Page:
The Co-op Blog!

FROM THE BOARD: Liberty and A/C for All

Summertime, and the living is easy…because anything requiring effort might just make our heads explode. July is a time when those of us who try to hold off on air conditioning might crumble in our resolve. When days are hot as blazes and nights don’t bring significant relief, air conditioning is truly a magical thing. 

Yet holding out for as long as possible is a noble goal. Cranking up the A/C in the car, at home, and at work creates islands of cool that, while refreshing, may tax your body to the point of illness.

There is some evidence to suggest that A/C increases the incidence of “mucous membrane irritation, breathing difficulties, irritated skin, and constitutional/neurological symptoms such as headache and fatigue.” The “thermal shock” (sudden temperature change of >10* Fahrenheit) is one possible reason; the drying effect of A/C may play a role; and A/C filters may have mold or other microbiological contaminants that affect respiration can also be the culprit.

Comments from a New York Times article on the topic include readers who cite the extreme temperature variation as a factor in their discomfort and illness.

“It's one thing to step in from the heat and be pleasantly cooled, and it's another thing entirely to get chilled to the bones by a 30-degree difference. I feel like nowadays commercial indoor spaces, as well as buses and trains are chilled brutally, way more than needed. That's what gives me a runny nose and makes me sneeze - the excessive cold, not the A/C per se.” 

So if you use A/C, remember that “Enough is as good as a feast.”  

A brief note in favor of A/C: it is definitely recommended for people with asthma and other respiratory challenges when fires are prevalent and the air quality is bad, as in the fires of 2008. Small window units set up in whatever room is most frequently occupied are helpful in keeping breathing problems due to smoke and particulates in check.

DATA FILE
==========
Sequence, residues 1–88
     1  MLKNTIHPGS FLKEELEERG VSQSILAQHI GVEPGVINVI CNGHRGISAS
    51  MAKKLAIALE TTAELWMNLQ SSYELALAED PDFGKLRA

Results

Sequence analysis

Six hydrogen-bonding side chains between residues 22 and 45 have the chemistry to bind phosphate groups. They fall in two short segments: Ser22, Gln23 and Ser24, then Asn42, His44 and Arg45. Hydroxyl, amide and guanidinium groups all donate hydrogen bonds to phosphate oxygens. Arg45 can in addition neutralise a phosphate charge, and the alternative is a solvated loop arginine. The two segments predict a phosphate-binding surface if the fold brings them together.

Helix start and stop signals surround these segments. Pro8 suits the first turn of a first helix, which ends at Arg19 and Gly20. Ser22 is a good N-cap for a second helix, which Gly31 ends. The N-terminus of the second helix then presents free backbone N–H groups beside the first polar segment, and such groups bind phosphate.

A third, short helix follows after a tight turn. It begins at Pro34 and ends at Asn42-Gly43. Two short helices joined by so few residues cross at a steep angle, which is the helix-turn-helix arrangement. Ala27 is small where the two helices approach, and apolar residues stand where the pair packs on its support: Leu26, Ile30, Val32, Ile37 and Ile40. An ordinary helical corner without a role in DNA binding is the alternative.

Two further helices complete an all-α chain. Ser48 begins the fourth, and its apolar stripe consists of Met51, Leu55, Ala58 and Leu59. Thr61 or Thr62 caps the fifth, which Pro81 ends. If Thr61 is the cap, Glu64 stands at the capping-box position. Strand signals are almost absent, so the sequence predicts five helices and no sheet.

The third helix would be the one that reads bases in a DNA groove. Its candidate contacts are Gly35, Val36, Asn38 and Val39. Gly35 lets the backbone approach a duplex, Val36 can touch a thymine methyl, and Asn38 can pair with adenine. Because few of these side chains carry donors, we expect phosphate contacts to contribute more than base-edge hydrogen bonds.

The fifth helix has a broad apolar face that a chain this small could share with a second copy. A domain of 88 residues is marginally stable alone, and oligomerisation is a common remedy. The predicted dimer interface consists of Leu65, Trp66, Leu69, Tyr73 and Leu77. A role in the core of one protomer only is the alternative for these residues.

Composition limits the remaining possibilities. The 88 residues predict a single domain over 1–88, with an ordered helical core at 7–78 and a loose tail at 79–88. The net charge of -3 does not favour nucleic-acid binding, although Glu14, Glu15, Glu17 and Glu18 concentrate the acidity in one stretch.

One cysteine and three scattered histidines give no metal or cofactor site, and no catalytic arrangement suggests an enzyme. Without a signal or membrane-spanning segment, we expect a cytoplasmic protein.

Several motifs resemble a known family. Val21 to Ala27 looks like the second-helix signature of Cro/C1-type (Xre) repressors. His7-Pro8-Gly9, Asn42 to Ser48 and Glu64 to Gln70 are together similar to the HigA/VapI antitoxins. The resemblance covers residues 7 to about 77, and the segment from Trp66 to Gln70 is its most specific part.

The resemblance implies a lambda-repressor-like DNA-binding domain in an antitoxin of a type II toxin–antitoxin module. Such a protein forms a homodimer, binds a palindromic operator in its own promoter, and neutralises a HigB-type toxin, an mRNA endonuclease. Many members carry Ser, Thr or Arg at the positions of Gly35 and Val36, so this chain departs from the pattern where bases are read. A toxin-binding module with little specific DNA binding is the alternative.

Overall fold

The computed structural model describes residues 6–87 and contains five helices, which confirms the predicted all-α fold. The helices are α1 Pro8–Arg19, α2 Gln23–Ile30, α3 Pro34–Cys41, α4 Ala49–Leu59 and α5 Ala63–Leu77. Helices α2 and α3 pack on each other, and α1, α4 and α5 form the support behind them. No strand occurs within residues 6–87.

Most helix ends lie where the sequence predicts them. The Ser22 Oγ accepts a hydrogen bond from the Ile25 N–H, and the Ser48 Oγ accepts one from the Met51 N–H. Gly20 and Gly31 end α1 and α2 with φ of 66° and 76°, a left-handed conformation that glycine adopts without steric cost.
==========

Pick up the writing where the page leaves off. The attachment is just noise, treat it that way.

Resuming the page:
As well as the glory or challenge of prolific heat, July brings the Fourth of July celebration we know as “Independence Day.” America’s emancipation from its status as a colony of Britain is celebrated enthusiastically by many citizens, and is an important historical event. We can hold in our understanding the pride and accomplishment of that liberation, and also recognize that it came with a heavy price for America’s First People, the indigenous communities that suffered under our colonization, even as we vehemently fought for our own freedom. In the spirit of recognizing that “independence” as a policy or value can create harmful divisions, let us perhaps consider an “Interdependence Day.” 

We are not independent from the natural world we live in, and pretending that we are by (for example) attempting to negate our environment’s climate by controlling our own can cause problems, both on a personal and on a larger scale. We are interdependent with other people—we are connected by the fact that we all rely on the same things to sustain life, and we all share the land, air, and water that our lives are literally built from. We are interdependent as our families link and conjoin and grow. We are interdependent in our quest to live with meaning and purpose. And as a cooperative, we recognize and celebrate this interdependence; it is delineated in our most fundamental policies, it is encoded in our operations and aspirations.

  So while we celebrate the value of Independence and the historical significance of the holiday, let us also give honor to Interdependence: the spirit of Co-operation and mutual aid.